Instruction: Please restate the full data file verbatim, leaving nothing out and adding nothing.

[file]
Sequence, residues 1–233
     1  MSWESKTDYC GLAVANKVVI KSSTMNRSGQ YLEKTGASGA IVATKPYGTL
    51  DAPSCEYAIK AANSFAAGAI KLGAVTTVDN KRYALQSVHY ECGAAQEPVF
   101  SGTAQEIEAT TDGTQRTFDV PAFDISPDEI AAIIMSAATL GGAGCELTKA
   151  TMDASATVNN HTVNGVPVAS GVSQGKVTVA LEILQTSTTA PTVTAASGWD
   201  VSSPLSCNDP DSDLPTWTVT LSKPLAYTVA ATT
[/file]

Sequence, residues 1–233
     1  MSWESKTDYC GLAVANKVVI KSSTMNRSGQ YLEKTGASGA IVATKPYGTL
    51  DAPSCEYAIK AANSFAAGAI KLGAVTTVDN KRYALQSVHY ECGAAQEPVF
   101  SGTAQEIEAT TDGTQRTFDV PAFDISPDEI AAIIMSAATL GGAGCELTKA
   151  TMDASATVNN HTVNGVPVAS GVSQGKVTVA LEILQTSTTA PTVTAASGWD
   201  VSSPLSCNDP DSDLPTWTVT LSKPLAYTVA ATT